The challenge of securing a two-thirds majority on contracts was one of the motivations for the huge increase in executive agreements after World War II. In 1952, for example, the United States signed 14 treaties and 291 executive agreements. These were more executive agreements than those concluded during the century from 1789 to 1889. Executive agreements continue to grow rapidly. What is the difference between a contract and an executive agreement? Some other nations have similar provisions for treaty ratification. In the summer of 1787, delegates to the Constitutional Convention debated the structure and responsibilities of a new legislative body. One of the questions they asked was whether the power of contracting lies within the legislative or executive department? Depending on the statutes of the federal government, a contract could be concluded with the agreement of nine of the thirteen states or two-thirds. Some delegates, such as Charles Pinckney of South Carolina, insisted that the Senate, where each state is represented on an equal footing, should have exclusive power to enter into contracts. Alexander Hamilton argued that the executive should exercise powers over external relations and should therefore have the power to enter into contracts “with the Council and the approval of the Senate.” In the end, Hamilton`s argument proved persuasive. Most executive agreements were concluded in accordance with a treaty or an act of Congress. However, presidents have sometimes reached executive agreements to achieve goals that would not find the support of two-thirds of the Senate. For example, after the outbreak of World War II, but before the Americans entered the conflict, President Franklin D.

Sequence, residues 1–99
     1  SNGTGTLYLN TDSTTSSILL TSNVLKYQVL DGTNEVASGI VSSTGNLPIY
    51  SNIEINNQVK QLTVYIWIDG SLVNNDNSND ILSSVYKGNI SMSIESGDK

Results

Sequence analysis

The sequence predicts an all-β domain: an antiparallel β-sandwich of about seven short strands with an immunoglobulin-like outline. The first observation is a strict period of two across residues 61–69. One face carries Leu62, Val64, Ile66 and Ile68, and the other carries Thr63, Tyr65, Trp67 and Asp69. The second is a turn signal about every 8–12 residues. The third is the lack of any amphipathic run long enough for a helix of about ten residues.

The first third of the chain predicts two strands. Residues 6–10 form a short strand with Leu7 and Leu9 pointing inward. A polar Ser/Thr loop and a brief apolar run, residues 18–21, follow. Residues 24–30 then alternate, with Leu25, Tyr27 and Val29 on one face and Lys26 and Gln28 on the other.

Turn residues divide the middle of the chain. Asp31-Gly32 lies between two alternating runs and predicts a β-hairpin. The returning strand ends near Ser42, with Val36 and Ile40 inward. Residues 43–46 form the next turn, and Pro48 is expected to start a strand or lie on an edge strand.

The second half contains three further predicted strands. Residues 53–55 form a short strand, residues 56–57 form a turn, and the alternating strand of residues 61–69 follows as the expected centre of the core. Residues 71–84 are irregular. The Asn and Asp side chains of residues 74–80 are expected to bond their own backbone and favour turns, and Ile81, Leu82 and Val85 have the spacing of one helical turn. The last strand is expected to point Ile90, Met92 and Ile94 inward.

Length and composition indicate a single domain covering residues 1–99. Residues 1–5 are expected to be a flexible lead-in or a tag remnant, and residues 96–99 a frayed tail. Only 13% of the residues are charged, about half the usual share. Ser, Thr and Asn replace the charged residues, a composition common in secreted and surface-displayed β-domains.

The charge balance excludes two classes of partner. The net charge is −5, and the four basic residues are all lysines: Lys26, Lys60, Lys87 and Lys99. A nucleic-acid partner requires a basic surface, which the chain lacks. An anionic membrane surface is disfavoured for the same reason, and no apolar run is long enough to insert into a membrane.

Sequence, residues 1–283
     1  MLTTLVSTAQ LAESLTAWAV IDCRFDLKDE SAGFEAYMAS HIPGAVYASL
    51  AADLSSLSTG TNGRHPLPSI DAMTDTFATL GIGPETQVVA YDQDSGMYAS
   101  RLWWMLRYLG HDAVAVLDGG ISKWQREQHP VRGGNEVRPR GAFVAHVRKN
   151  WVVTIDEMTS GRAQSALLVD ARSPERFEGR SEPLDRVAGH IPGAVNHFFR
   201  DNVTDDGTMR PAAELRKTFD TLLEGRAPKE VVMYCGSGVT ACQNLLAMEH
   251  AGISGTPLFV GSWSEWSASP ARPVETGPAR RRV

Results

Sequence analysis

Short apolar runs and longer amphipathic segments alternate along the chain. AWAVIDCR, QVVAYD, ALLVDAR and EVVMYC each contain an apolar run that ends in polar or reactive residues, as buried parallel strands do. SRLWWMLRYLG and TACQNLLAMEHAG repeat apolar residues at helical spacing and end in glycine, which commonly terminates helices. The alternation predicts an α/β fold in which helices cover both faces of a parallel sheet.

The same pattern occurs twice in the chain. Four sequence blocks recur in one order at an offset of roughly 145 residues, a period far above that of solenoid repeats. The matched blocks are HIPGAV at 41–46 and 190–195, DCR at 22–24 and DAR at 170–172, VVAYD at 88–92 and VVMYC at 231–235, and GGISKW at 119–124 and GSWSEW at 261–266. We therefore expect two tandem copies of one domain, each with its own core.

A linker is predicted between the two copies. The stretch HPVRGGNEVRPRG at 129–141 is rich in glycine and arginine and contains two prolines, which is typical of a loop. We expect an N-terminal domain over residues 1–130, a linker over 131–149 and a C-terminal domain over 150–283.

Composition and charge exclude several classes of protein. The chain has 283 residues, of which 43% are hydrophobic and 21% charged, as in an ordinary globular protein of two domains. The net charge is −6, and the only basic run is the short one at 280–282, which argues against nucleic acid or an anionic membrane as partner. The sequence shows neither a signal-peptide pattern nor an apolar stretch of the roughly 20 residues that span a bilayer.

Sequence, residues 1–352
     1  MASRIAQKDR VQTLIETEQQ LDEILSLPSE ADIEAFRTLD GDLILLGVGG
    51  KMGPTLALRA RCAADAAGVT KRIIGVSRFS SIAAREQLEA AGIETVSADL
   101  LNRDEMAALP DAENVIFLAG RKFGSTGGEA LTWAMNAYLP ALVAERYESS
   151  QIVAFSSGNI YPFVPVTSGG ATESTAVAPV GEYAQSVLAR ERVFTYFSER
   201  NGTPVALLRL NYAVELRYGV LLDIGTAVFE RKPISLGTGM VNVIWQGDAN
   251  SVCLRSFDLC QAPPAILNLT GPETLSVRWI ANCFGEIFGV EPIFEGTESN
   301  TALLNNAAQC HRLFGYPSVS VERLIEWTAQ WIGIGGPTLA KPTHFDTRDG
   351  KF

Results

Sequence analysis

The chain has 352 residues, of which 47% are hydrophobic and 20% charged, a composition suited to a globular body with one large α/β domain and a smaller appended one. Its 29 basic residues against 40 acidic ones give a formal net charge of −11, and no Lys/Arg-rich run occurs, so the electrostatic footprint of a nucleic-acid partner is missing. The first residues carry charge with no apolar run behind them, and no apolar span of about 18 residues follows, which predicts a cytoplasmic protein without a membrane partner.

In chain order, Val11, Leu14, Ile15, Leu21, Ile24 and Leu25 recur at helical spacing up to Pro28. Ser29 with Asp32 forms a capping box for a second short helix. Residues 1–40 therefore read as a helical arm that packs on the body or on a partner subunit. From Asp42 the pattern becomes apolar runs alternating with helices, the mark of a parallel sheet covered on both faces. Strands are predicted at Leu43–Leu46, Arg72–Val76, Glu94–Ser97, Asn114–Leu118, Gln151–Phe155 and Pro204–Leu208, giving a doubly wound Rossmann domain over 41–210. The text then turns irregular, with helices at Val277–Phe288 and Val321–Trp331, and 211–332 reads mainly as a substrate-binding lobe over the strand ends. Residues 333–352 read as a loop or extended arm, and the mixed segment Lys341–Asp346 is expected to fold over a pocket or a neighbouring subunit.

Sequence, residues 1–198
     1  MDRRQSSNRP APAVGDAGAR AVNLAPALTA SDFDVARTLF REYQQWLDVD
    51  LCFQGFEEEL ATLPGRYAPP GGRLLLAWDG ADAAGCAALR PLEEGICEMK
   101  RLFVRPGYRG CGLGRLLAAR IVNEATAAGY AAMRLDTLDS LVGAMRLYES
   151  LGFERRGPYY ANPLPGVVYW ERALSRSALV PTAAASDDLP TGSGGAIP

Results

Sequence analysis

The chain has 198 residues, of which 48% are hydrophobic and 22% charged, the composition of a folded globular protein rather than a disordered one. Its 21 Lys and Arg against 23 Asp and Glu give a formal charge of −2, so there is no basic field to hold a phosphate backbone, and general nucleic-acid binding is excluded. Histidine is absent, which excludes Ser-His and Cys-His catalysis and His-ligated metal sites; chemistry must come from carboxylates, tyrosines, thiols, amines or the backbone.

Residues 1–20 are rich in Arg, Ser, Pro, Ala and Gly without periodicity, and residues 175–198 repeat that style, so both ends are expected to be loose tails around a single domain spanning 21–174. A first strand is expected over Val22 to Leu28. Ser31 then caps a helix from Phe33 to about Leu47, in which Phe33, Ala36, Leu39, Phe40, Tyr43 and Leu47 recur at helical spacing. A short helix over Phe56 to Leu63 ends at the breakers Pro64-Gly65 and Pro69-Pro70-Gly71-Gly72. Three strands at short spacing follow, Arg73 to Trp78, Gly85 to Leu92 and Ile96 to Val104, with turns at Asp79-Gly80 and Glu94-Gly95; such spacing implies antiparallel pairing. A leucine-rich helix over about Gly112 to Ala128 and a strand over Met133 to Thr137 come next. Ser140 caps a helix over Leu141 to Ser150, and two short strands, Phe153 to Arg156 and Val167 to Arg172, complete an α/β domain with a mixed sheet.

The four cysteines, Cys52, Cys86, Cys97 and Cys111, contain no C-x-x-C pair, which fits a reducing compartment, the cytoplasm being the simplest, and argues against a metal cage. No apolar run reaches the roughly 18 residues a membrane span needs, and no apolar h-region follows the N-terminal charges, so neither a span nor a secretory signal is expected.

Roosevelt negotiated an executive agreement that gave the United Kingdom 50 obsolete destroyers in exchange for 99-year leases on some British naval bases in the Atlantic. The Senate approved the ratification of one of the most controversial treaties in U.S. history during the Washington administration. At the insistence of the federalist senators, the President sent Supreme Justice John Jay to London to settle open disputes with Britain. Washington did not consult with the entire Senate before seeking its opinion and approval of the treaty, known as “Jay.” Opponents of the treaty, especially Jeffersonian Republicans, supported New York Senator Aaron Burr to reopen negotiations after a series of specific proposals, but federal senators proposed the plan and secured approval of Jay`s controversial treaty on June 24, 1795.